LINKÖPING, Sweden — The first of three GlobalEye surveillance aircraft developed for the United Arab Emirates by Swedish defense group Saab is on schedule to be delivered in April 2020, says Håkan Buskhe, Saab’s CEO.
Meanwhile, the second of the aircraft undertook its first flight last January so the test program is on schedule, Lars Tossman, head of radar solutions for Saab, confirmed at a media event here.
The first aircraft is currently being tested in Granada, Spain, where weather conditions more closely resemble those of the client than in Sweden. The third aircraft is under production.
The $1.27bn launch contract for this airborne surveillance program was signed in November 2015, and 28 months later GlobalEye undertook its maiden flight. Based on a Bombardier Global 6000/6500 ultra long-range aircraft, modified by Saab to be able to carry the tonne-weight of the new Erieye ER (extended range) radar on its back, GlobalEye also carries a maritime surveillance radar which can detect targets as small as a jet-ski. Tossman explained that the maritime radar, when used in combination with Erieye ER, would enable a periscope to be detected. The aircraft also carries a long-range, wide-area, ground-moving target indicator.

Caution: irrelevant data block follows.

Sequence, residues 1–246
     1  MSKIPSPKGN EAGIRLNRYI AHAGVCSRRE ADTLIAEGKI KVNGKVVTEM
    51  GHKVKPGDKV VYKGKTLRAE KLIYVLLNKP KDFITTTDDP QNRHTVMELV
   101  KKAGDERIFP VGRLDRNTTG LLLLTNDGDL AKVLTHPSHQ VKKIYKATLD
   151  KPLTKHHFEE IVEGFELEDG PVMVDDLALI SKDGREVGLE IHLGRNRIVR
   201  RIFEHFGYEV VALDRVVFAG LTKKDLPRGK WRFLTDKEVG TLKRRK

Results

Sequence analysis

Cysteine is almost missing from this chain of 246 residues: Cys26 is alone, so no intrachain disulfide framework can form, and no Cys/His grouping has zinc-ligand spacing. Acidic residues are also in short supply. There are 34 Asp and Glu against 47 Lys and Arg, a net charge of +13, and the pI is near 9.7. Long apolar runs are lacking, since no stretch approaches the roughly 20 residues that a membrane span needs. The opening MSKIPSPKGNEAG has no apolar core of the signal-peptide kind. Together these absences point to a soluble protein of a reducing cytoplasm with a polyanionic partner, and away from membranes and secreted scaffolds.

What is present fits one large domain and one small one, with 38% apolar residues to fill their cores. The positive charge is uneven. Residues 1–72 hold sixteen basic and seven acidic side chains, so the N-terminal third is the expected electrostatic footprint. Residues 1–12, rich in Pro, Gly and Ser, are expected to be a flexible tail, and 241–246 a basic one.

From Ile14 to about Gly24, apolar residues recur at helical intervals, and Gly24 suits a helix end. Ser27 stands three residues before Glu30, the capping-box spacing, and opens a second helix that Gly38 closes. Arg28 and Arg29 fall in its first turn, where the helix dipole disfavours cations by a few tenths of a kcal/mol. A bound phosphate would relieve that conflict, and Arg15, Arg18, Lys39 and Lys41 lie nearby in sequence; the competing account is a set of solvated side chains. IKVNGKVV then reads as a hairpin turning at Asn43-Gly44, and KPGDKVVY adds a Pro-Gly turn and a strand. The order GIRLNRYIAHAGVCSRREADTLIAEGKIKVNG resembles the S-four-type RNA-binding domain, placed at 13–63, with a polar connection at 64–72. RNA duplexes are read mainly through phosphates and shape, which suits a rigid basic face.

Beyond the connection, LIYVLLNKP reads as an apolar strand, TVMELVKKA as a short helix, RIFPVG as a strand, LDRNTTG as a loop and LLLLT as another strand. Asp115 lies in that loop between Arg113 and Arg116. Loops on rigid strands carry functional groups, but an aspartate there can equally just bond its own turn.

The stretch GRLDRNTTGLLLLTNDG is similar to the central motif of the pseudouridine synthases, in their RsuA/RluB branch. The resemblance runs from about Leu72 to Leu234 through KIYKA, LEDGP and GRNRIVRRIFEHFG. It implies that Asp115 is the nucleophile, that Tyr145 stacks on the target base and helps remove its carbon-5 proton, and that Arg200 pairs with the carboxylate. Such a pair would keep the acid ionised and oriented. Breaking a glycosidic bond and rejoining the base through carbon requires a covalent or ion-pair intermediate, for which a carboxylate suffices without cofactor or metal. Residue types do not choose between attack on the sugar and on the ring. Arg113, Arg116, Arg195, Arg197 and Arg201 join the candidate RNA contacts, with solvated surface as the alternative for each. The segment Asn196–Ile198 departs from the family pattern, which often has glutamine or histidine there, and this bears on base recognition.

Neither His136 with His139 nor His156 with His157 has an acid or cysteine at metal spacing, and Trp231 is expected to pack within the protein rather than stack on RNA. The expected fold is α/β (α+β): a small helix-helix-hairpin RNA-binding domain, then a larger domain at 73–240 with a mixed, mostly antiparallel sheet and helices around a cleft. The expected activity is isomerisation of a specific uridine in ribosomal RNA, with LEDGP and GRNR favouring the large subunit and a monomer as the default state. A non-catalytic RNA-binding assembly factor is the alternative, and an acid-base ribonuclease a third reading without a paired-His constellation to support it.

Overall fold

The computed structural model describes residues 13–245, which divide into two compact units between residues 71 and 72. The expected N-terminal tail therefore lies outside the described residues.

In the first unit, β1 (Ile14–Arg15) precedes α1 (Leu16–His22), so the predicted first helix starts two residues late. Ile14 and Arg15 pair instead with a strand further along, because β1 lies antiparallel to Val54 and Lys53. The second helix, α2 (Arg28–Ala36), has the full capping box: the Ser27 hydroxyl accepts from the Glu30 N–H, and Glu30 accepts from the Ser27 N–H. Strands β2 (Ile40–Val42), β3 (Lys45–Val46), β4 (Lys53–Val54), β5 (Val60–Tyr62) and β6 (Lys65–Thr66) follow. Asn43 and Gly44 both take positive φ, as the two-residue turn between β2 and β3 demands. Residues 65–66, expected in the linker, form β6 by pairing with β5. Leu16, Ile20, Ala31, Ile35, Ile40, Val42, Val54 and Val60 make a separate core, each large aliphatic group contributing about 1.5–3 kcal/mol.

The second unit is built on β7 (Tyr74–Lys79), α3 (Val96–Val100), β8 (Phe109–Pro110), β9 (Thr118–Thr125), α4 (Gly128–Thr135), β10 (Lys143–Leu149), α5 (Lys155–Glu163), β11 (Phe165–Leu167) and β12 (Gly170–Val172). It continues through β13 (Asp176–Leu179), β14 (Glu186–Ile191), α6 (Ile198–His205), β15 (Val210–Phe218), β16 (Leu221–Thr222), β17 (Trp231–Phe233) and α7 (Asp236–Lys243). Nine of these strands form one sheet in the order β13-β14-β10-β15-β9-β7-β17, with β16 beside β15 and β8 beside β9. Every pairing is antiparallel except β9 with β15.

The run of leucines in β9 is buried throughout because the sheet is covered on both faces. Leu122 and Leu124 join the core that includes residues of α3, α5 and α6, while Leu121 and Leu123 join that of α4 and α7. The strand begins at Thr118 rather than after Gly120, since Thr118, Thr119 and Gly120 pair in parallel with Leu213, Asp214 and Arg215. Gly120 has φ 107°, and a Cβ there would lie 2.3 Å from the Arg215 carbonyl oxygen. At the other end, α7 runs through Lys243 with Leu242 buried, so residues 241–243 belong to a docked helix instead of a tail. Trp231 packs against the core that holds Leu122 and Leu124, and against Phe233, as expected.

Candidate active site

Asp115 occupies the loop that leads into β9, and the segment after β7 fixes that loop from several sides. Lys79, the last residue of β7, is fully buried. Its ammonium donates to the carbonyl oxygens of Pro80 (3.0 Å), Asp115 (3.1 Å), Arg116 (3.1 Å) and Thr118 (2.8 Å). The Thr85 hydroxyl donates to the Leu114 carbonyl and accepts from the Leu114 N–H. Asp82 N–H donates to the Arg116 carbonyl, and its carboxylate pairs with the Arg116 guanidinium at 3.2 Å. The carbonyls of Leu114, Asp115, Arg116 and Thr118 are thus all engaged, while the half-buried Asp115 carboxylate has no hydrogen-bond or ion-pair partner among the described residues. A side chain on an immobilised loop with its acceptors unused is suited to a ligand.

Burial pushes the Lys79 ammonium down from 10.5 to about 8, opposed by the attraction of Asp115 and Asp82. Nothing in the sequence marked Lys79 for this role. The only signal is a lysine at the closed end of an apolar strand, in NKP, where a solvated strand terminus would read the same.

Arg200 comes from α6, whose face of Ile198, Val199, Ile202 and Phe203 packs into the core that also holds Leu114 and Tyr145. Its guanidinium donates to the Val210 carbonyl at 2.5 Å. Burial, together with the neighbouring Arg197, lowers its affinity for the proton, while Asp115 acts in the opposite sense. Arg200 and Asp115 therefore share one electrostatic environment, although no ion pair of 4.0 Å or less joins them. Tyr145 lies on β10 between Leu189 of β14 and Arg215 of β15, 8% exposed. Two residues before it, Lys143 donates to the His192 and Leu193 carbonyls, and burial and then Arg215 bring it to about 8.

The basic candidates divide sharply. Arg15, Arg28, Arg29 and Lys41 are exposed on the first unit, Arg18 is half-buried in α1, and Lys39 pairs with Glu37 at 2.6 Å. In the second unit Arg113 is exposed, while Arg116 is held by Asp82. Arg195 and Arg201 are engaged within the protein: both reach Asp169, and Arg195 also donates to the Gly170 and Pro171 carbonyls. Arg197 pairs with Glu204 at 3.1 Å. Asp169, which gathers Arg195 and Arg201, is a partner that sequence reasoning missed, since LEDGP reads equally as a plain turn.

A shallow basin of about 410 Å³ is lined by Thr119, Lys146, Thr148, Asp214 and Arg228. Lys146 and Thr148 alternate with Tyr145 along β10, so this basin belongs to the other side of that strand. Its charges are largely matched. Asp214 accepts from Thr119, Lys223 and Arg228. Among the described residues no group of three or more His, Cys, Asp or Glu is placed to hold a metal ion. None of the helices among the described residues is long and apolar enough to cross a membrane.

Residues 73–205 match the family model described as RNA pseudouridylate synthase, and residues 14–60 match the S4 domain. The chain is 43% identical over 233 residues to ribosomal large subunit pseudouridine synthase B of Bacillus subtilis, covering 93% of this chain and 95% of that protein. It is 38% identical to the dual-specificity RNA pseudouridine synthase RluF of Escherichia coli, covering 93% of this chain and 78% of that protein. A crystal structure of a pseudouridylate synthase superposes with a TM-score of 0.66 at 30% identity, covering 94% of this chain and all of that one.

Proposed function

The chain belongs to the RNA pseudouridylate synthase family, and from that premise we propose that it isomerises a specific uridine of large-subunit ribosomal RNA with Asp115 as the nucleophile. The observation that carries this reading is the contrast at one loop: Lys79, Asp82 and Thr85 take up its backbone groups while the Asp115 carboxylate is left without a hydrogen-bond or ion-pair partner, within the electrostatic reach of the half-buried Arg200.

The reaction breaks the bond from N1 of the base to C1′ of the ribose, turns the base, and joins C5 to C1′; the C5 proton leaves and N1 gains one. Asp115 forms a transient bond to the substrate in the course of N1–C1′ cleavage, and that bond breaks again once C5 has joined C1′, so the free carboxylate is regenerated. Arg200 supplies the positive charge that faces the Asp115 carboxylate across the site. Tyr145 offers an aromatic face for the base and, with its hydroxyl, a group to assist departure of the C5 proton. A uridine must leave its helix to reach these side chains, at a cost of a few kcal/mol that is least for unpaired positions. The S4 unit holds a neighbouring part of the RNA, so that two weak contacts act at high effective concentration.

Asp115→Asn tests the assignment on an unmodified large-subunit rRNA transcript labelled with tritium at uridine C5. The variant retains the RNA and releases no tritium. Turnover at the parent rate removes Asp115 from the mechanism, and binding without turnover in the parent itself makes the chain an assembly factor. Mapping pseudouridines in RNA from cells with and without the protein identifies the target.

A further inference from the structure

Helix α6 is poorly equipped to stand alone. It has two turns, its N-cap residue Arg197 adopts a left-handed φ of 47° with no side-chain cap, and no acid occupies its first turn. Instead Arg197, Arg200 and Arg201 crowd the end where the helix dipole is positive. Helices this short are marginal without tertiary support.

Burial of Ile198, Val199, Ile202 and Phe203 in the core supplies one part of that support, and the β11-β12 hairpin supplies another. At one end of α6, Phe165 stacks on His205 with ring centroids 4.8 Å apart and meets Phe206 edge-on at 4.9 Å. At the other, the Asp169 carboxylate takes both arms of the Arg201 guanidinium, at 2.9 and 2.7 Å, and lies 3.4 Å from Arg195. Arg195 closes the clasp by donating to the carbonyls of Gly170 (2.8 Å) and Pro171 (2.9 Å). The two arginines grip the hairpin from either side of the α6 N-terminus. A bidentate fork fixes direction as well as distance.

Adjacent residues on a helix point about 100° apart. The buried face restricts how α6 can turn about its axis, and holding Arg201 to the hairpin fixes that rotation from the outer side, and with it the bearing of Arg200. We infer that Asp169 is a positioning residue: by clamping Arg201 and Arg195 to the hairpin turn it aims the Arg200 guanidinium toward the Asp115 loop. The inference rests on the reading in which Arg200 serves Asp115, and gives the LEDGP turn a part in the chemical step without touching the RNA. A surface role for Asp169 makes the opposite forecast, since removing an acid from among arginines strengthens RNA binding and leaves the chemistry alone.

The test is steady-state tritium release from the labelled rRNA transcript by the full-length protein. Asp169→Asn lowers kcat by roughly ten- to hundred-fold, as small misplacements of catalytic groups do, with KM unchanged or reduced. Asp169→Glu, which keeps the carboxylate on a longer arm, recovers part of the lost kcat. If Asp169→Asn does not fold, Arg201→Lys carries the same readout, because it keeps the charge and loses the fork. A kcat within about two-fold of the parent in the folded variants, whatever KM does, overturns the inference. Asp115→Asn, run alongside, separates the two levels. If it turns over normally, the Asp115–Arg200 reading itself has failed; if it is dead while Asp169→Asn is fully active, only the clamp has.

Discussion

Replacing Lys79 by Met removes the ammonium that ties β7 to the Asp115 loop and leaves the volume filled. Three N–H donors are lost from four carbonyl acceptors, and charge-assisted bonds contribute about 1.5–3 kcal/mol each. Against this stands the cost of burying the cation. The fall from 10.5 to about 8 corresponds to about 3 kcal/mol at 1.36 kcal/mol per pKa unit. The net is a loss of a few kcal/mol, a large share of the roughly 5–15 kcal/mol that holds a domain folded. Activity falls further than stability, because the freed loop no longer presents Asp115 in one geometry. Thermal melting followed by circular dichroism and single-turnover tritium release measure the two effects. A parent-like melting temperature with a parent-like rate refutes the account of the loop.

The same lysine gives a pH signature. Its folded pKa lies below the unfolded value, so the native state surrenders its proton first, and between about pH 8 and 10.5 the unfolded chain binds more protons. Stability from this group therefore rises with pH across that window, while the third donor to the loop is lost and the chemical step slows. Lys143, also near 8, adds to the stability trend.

Erik Weinberg, senior director for radar solutions at Saab, explained that the S-band used by the new Erieye is extremely difficult to jam given its narrow beam and low side lobes. It was not developed specifically for GlobalEye but because “anti-jamming has always been an important consideration [for Sweden] given our neighbour [Russia],” he explained.
Despite the payload, the aircraft apparently handles well, “flying very much like the VIP version,” says Tossman, adding that GlobalEye would compete in the global market for surveillance aircraft even for “customers who might not choose the same configuration.”
Saab has been able to set up a wholly owned radar company in Abu Dhabi, Saab Ltd., to help service the system and be a base for its radar systems in the Middle East.
Christina Mackenzie was the France correspondent for Defense News.